Co-Founder and CIO
Ben Hunt is the creator of Epsilon Theory and inspiration behind Second Foundation Partners, which he co-founded with Rusty Guinn in June 2018.
Epsilon Theory, Second Foundation’s principal publishing brand, is a newsletter and website that examines markets through the lenses of game theory and history. Over 100,000 professional investors and allocators across 180 countries read Epsilon Theory for its fresh perspective and novel insights into market dynamics. As Chief Investment Officer, Ben bears primary responsibility for determining the Company’s investment views and positioning of model portfolios. He is also the primary author of materials distributed through Epsilon Theory.
Ben taught political science for 10 years: at New York University from 1991 until 1997 and (with tenure) at Southern Methodist University from 1997 until 2000. He also wrote two academic books: Getting to War (Univ. of Michigan Press, 1997) and Policy and Party Competition (Routledge, 1992), which he co-authored with Michael Laver. Ben is the founder of two technology companies and the co-founder of SmartEquip, Inc., a software company for the construction equipment industry that provides intelligent schematics and parts diagrams to facilitate e-commerce in spare parts.
He began his investment career in 2003, first in venture capital and subsequently on two long/short equity hedge funds. He worked at Iridian Asset Management from 2006 until 2011 and TIG Advisors from 2012 until 2013. He joined Rusty at Salient in 2013, where he combined his background as a portfolio manager, risk manager, and entrepreneur with academic experience in game theory and econometrics to work with Salient’s own portfolio managers and its financial advisor clients to improve client outcomes.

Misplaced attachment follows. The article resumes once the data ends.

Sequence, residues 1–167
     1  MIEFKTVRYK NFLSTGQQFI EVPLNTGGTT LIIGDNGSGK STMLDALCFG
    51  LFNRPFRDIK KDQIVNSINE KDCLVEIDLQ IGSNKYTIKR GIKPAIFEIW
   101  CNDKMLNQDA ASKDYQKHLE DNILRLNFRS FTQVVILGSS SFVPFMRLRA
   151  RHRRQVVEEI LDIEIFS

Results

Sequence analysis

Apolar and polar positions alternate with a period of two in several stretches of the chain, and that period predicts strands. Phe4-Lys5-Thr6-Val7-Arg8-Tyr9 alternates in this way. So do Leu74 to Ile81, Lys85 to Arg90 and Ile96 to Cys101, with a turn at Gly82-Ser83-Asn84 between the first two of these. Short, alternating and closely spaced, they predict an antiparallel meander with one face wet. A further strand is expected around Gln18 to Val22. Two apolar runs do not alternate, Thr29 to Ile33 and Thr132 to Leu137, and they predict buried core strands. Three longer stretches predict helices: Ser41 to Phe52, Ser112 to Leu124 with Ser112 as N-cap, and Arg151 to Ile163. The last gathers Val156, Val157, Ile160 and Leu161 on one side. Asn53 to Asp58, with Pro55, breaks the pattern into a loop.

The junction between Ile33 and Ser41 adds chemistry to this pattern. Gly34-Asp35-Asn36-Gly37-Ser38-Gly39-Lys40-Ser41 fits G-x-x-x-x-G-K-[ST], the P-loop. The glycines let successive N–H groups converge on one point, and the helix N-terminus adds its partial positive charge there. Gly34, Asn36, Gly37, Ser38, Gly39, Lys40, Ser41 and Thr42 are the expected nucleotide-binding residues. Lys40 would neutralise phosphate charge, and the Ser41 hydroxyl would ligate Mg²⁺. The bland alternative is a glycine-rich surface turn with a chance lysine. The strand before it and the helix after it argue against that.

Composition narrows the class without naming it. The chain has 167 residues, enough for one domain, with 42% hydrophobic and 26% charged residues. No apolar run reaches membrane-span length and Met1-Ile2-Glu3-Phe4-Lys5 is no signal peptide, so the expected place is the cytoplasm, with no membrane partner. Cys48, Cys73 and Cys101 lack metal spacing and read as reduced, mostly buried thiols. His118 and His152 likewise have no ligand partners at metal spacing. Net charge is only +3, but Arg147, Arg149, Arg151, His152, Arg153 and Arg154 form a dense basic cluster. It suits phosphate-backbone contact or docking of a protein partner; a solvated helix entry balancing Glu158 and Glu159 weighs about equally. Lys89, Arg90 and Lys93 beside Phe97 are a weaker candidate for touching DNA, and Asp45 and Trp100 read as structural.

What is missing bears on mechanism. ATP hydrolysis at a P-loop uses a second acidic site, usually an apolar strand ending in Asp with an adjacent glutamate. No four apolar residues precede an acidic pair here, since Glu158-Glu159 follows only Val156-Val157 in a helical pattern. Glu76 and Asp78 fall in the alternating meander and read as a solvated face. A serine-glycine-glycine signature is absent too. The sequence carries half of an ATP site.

Ben is a graduate of Vanderbilt University (1986) and earned his Ph.D. in Government from Harvard University in 1991. He lives in the wilds of Redding, CT on Little River Farm, where he personifies the dilettante farmer that has been a stock comedic character since Cicero's day. Luckily his wife, Jennifer, and four daughters, Harper, Hannah, Haven and Halle, are always there to save the day. Ben's hobbies include comic books, Alabama football, beekeeping, and humoring Rusty in trivia "competitions".
Articles by Ben:
The past, present and future of human freedom is not determined in the macroverse but in the metaverse, and it is here where we must make our stand. First we will write the words to see the metaverse. Then we will write the songs to change it.
Clear eyes. Full hearts. Can’t lose.
You know who understands how inflation absolutely wrecks the popular support of any government? The Fed.
You know who doesn’t get it? You know who doesn’t get it AT ALL? The White House.
This is an unedited thread from the ET Forum that I’ve republished in close to its entirety and put outside the paywall. It’s just one example of why the ET Forum is the best thing on the Internet today … thousands of posts across hundreds of threads, written by truth-seekers from all over the world and all walks of life, speaking to each other with respect and curiosity. If this is your Pack, join us!
Today Jay Powell had a press conference, where he had a very simple and well-delivered message: Inflation Is.
Does this mean that we’re off to the races with risk assets? No. Not by a long shot. But for one day at least, Jay Powell and the Fed got ahead of the common knowledge game.
At whatever point in time you think inflation will start to fade, you are being too optimistic.
Why? Because common knowledge.
Inflation as common knowledge gives pricing power to consumer-facing companies.
Skipping the Greek letter Xi in naming the latest Covid variant is ridiculous, not dangerous.
What’s dangerous is WHO leadership placing Chinese political interests ahead of global health interests.
This note is about the narrative process that makes it so politically difficult to say that yes, parents are responsible for their children’s education AND yes, our children should be taught the fact of embedded racism in our nation’s history.
And why it’s so important that we do so, anyway.
Is the narrative machine of Wall Street powerful enough to create a perceived reality of “transitory” inflation even if that transitory-ness is always 12 months away from resolving itself? Even if the real-world endures high levels of realized inflation year after year after year?
If I had to describe our narrative models of market behavior as simply as possible, it would go something like this: markets climb a narrative wall of worry and fall down a narrative slope of hope.
Except for central bank narratives.